Defence Committee renews spending demand for 3% of GDP
26 June 2018
In advance of the NATO summit in July, the Defence Committee publishes a report which concludes that only if its Armed Forces are properly resourced can the UK retain its influence in NATO and in Washington.
In an inquiry begun during the previous Parliament, the Committee concluded:
- The NATO mission has diversified and expanded. It now encompasses the need for territorial defence of Europe and the protection of sea lines of communication, as well as the stabilisation of areas at risk of terrorism in the European neighbourhood.
- To support this wider NATO mission, the UK needs to bolster its anti-submarine warfare capability and increase the overall readiness of its Armed Forces generally.
- The UK must lead by example, filling NATO capability shortfalls and personnel gaps, where we have expertise available, and ensuring that decisions taken within the Modernising Defence Programme are co-ordinated with the NATO Defence Planning Process.
- Just as the UK-US military relationship is vital to the functioning of NATO, the UK’s leading contribution to NATO helps to sustain the UK-US relationship. The UK, US and NATO are interlinked and interdependent.
- US military power is vital for the defence of Europe. Were there to be an attack on a NATO member in Europe, an Article 5 response would not work in practice without US support and participation.
- However, the US has increasingly been critical of its allies’ (including the UK’s) unwillingness to share the burden within
- NATO—whether that be defence spending, the development of capabilities or contributions to NATO headquarters, missions and operations.Despite this criticism, in the same period, the US has recommitted itself to the defence of Europe, both through the European Deterrence Initiative (which has increased by 40% under the current US Administration) and by continued contributions to stabilisation operations.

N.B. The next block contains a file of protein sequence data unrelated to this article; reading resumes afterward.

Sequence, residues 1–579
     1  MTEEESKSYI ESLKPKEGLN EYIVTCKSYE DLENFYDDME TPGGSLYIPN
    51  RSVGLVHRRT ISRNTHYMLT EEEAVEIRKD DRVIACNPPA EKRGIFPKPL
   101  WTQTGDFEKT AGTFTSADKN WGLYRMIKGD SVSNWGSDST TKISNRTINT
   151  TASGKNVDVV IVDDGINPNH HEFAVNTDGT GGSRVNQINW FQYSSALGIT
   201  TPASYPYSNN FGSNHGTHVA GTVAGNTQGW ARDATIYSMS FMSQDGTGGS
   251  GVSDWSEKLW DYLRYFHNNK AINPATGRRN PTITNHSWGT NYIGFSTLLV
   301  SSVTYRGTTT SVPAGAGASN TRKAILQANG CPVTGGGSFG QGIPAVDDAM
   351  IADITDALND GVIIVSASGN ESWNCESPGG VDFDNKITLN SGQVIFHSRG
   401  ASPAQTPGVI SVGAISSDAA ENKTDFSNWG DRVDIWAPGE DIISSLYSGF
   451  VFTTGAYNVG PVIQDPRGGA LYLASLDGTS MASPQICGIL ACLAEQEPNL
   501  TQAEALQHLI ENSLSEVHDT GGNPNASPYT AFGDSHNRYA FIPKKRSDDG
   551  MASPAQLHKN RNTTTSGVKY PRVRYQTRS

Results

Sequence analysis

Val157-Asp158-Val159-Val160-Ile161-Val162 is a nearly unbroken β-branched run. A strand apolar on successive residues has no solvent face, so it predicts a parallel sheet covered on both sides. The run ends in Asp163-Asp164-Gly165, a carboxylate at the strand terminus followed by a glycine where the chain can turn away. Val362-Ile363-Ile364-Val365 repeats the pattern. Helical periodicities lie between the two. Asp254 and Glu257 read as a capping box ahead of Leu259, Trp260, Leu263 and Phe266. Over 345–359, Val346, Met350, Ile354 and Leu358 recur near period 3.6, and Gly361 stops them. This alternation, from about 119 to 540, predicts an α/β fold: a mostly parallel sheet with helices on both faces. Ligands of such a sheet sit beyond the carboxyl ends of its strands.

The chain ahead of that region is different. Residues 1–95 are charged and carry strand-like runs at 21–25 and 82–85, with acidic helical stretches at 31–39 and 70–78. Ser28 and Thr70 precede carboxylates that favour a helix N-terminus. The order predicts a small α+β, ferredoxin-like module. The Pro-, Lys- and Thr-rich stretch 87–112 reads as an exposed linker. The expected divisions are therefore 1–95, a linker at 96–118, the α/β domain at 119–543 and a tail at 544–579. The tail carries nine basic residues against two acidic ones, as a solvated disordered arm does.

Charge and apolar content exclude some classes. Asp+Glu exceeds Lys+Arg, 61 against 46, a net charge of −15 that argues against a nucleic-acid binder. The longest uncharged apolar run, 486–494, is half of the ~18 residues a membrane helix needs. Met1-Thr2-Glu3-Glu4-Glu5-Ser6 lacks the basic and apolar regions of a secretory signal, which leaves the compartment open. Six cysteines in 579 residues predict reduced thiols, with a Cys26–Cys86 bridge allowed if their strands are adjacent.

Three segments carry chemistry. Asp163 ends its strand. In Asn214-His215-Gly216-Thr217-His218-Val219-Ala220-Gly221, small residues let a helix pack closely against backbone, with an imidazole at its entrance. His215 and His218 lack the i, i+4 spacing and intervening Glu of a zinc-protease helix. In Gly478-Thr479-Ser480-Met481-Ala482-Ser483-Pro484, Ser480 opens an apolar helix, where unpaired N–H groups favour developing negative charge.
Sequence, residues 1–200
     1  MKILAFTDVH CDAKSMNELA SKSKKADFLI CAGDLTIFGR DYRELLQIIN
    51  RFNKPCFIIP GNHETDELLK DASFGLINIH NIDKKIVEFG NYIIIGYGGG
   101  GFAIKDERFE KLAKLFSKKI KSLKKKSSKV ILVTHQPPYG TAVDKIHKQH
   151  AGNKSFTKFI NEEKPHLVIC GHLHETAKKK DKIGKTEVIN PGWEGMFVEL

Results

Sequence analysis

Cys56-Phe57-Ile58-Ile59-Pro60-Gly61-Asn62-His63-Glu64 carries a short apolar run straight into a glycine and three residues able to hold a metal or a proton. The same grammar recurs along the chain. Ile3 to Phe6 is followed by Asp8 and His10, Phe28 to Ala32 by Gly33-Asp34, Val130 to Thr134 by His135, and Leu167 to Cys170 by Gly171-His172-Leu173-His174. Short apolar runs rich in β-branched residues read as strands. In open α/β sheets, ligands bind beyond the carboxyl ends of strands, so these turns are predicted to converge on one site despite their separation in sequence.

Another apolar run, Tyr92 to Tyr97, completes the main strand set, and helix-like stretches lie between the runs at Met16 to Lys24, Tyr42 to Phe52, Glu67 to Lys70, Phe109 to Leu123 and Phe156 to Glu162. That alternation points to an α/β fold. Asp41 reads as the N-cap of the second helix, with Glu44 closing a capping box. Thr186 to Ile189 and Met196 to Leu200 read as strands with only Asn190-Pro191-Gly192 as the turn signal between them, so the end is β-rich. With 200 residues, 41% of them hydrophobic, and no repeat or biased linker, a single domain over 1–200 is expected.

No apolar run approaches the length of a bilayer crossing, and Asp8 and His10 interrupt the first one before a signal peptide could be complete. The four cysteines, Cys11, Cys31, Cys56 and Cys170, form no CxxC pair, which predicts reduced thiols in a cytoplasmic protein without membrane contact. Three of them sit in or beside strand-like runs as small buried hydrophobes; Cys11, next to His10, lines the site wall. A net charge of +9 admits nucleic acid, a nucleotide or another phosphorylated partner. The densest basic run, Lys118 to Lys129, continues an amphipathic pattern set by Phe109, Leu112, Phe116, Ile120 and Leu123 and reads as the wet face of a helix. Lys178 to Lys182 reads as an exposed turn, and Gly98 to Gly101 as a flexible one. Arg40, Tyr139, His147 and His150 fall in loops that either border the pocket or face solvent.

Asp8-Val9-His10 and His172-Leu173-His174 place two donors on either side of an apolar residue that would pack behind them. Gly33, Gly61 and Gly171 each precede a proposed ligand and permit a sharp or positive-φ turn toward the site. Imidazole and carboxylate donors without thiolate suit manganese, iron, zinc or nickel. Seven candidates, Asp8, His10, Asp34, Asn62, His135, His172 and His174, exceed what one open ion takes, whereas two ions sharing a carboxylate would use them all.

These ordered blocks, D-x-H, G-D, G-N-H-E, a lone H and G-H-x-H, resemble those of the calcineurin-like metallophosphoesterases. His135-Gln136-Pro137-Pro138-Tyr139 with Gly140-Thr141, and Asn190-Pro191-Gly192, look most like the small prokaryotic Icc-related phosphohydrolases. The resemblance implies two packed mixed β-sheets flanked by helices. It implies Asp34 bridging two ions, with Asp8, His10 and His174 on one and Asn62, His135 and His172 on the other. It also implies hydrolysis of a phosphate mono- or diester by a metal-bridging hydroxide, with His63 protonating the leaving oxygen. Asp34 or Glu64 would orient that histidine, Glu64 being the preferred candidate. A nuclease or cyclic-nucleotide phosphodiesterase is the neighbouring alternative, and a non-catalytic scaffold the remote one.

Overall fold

- The UK benefits greatly from the width and depth of the UK-US defence and security relationship, but such a relationship requires a degree of interoperability that can be sustained only through investment in UK Armed Forces. We calculate that, in order to fill the existing black holes in the equipment plan and elsewhere, UK defence spending would have to rise to 2.5% of GDP. However, significantly to improve the capacity—as well as the capability—of the UK Armed Forces, defence spending would need to rise closer to 3% of GDP.
Accordingly, the Defence Committee have recommended that our future target for defence spending should be 3% of GDP—a level last achieved in 1995-96.
Rt Hon Dr Julian Lewis, Defence Committee chairman, said:
"Defence spending is an area where a strong message needs to be sent to our allies and adversaries alike. The Government has consistently talked about increasing the UK’s commitment to NATO after our departure from the European Union. An increased commitment, in the face of new and intensified threats, means that further investment is essential. Where percentage of GDP for Defence is concerned, our mantra must be: ‘We need 3, to keep us free’. Anything less is simply rhetoric which endangers us and our allies."
Rt Hon John Spellar MP, Defence Committee senior Labour member and former Minister for the Armed Forces, said:
"This inquiry has underlined the importance of the UK-US relationship in the area of defence and security and emphasises the benefit which the UK receives as a result. We have heard that there are perceptions in the US that the UK’s defence capabilities have slipped and that concerns have been raised about the UK’s ability to operate independently. We need to challenge this perception and the Modernising Defence Programme is an excellent opportunity to do so."
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